Whose Data Is It, Anyway?
Wachter's experience as an advisor for The Leapfrog Group, which ranks hospitals from A to F based on how safe they are for patient care, saw this first hand last summer and fall when the first rankings came out, and several hospitals received Ds and Fs.
"The hospitals that did poorly are very unhappy. And they say they feel like the measures are not very good, though I can say they are the best out there, the best available from publicly available data.
"But there's no question that while in one part of the organization people moan about the (measurement) system, another part of the organization is working on quality improvement with a passion that may previously have been lacking."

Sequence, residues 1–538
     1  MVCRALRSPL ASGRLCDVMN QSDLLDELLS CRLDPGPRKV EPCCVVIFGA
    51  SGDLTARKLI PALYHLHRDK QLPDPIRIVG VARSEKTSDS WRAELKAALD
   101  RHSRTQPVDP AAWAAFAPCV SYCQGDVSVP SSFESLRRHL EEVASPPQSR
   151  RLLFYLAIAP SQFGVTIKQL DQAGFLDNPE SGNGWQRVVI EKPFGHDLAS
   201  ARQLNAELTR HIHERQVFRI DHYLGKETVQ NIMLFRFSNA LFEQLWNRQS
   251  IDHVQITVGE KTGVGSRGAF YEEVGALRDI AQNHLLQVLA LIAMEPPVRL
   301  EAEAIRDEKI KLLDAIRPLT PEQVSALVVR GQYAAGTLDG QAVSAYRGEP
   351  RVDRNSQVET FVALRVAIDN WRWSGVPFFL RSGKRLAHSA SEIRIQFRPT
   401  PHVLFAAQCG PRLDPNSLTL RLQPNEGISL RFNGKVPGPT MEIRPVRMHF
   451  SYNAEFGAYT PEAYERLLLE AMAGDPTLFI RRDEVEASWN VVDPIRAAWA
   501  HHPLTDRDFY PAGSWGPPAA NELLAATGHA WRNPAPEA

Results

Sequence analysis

Earlier this week, I wrote about the dozens of specialty societies that wrote the Centers of Medicare & Medicaid with their concerns about federal oversight of these registries.
These registries and the societies that run them are now under pressure to produce.
As Wachter says, "this is changing the dynamics of the equation. The degree to which these specialty society run registries are being touted as the answer to quality measurement, as we move into high stakes measurement for pay for performance and public reporting, I think is creating a tension" that we'll be hearing a lot more about in coming months.
Cheryl Clark is senior quality editor and California correspondent for HealthLeaders Media. She is a member of the Association of Health Care Journalists.
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